The number of RTI queries with the PMO rose from 48 in 2005 – when the act came into force – to over 4,000 applications in 2010, say information officials in Prime Minister Manmohan Singh’s office.


PMO has received a total of 13,216 applications since October 2005, with the proposed anti-corruption Lokpal Bill attracting the maximum queries lately. The act empowers every citizen to seek any information from the government, inspect any government document and seek certified photocopies of those that have come into force.


“Since the RTI Act was mplemented, the number of RTI queries to the PMO has risen tremendously. The PMO had received 4,081 queries last year till December alone, compared to 48 applications filed in 2005,” the PMO’s Central Public Information Officer (CPIO) Sanjukta Ray told .


Despite being a three-member team, most of the RTI pleas have been dealt with.


“We are a small team with just three people but we managed to tackle thousands of RTI applications every year. As of now, we are piled with queries on the Lokpal Bill and applications based on news reports and current affairs,” she said.


According to the act, the public information officer (PIO) should respond within 30 days of the receipt of an application, failing which the applicant should make the first appeal to the appellate authority of the same department.


Ray said they do not have a large number of first appeals.


In 2006, the PMO received and cleared 743 RTI applications out of which 70 went for first appeal. In 2007, there were 1,621 RTI applications out of which 127 went for the first appeal, in 2008, 2,286 applications and 276 first appeals, in 2009, 2,766 applications and 435 first appeals, and in 2010, 4,081 applications and 510 first appeals.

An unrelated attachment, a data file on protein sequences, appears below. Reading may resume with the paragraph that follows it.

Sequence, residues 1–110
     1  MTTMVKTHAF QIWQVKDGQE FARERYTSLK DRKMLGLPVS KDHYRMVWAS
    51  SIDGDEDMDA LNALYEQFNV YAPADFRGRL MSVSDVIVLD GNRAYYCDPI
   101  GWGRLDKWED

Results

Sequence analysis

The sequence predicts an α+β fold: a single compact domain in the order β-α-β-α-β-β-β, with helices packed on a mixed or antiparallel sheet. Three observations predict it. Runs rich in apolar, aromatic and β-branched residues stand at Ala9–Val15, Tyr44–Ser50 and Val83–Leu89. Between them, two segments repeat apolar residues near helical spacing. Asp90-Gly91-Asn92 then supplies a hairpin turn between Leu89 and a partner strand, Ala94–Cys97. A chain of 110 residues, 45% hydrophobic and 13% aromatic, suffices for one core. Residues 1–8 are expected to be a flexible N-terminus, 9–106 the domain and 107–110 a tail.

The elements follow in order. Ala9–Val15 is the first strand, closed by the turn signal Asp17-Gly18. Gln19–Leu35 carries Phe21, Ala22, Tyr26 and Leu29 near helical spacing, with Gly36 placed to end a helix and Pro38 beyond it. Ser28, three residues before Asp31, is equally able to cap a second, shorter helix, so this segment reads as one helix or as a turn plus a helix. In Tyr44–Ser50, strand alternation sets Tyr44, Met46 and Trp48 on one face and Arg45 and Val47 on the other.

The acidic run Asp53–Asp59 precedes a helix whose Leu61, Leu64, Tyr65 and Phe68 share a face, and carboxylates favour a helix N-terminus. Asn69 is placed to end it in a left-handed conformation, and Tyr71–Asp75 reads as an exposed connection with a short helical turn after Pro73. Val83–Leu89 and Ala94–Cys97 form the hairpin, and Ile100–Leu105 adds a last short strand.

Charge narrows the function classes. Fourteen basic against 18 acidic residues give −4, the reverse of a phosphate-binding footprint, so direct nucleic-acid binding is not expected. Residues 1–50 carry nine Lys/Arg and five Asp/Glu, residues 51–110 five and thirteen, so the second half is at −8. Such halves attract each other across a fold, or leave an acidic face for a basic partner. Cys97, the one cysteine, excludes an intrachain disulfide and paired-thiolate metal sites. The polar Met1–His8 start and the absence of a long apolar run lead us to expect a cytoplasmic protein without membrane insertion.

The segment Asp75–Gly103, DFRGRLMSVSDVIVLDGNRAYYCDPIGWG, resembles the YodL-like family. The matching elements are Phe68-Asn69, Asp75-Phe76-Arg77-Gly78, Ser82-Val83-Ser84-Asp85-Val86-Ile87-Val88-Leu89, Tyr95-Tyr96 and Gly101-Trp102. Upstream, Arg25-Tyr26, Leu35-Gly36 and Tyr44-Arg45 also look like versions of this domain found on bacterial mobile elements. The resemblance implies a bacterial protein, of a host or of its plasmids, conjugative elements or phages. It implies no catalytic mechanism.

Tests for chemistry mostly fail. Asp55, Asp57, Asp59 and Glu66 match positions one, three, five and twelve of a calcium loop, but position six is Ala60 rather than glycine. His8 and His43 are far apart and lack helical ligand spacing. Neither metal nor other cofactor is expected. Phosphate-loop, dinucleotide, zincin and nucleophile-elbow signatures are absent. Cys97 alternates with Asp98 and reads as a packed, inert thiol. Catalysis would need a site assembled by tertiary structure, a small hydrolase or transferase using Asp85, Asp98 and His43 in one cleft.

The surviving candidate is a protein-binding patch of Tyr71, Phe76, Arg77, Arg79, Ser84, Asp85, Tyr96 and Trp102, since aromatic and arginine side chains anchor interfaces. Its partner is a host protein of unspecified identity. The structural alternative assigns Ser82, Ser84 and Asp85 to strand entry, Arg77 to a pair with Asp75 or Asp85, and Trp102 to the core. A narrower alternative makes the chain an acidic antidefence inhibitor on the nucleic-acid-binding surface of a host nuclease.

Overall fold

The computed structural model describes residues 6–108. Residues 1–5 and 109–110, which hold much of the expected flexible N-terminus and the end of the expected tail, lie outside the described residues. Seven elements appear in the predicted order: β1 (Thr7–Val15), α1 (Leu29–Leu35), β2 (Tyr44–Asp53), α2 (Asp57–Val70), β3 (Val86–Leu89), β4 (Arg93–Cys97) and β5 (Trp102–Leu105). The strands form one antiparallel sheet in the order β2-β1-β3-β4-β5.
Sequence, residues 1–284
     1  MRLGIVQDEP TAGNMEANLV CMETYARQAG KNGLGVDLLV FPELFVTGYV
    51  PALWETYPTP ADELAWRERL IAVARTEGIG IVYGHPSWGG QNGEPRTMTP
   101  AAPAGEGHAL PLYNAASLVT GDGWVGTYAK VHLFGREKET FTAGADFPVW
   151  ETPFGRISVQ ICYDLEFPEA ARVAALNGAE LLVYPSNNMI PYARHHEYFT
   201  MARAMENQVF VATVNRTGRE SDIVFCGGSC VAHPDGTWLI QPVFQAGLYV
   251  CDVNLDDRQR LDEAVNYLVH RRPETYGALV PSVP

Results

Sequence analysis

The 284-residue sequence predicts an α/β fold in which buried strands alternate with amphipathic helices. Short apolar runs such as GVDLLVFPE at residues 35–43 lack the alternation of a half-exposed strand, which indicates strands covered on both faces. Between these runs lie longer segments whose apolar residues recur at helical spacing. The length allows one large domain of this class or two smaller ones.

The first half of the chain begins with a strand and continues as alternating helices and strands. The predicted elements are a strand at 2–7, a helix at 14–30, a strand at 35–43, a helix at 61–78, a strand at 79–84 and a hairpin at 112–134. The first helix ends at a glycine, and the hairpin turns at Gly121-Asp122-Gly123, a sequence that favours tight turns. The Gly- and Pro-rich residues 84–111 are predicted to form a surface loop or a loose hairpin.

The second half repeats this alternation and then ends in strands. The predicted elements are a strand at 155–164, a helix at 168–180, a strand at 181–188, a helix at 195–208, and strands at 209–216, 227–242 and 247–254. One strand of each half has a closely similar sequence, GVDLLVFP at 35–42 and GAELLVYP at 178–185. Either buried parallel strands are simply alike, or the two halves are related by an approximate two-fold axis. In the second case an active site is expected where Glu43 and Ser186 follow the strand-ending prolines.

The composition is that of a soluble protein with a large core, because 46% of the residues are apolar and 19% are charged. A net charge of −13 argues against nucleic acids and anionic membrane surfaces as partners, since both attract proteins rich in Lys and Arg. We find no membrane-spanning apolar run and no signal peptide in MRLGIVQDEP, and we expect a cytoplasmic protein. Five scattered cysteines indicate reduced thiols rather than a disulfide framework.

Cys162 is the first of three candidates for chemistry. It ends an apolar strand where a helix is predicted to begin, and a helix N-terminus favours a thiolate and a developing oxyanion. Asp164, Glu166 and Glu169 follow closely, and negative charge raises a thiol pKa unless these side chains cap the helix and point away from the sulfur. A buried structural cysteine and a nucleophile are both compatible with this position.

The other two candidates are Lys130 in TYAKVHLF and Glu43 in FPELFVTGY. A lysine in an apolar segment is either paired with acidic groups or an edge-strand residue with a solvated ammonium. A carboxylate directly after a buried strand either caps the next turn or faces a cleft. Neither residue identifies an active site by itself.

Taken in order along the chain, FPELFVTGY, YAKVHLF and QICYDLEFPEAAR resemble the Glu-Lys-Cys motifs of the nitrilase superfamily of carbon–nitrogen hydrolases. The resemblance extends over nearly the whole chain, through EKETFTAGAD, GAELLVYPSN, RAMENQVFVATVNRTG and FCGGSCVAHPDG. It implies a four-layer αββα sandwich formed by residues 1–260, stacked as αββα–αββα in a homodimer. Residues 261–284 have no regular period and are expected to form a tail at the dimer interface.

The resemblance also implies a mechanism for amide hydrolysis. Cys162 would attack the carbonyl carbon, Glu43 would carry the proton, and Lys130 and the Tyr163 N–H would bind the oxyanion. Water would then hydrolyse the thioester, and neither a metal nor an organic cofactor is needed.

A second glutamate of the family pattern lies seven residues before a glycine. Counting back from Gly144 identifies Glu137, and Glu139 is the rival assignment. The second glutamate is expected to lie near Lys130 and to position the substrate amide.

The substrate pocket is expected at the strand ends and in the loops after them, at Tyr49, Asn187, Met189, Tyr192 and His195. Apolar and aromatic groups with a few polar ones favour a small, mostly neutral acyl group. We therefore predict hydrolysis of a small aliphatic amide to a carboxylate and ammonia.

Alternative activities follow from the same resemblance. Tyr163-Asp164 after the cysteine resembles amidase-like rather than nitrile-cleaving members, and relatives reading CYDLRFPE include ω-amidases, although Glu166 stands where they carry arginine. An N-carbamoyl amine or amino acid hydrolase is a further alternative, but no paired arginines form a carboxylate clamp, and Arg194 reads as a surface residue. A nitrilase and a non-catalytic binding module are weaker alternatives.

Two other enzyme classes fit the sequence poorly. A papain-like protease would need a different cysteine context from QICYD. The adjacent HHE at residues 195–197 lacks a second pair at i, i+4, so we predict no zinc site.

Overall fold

Ray also noted that they get a good number of “non-valid” applications, which should be addressed to other officials.


“For example, a person from Chhattisgarh sent an RTI application on an issue related to the collector of a particular district and asked us to help him out to get the information,” she said.


About the method of working of her team which comprises her and two subordinates, Ray said they process the applications and try to seek information from the departments concerned.


“We take a list of applications which are to be answered in eight days and check out how much information has been received and if it’s not received, we try to get the information from the department sought by the applicant.”


Apart from the PMO, the department of personnel and training (DoPT) has processed 14,292 applications in the last five years, a finding of RTI applicant Lokesh Batra revealed.


“Compared to other public authorities, the DoPT takes a lot of time to respond. DoPT has 47 central public information officers (CPIO), while other ministries and departments have only one to look into the RTI applications,” Batra told.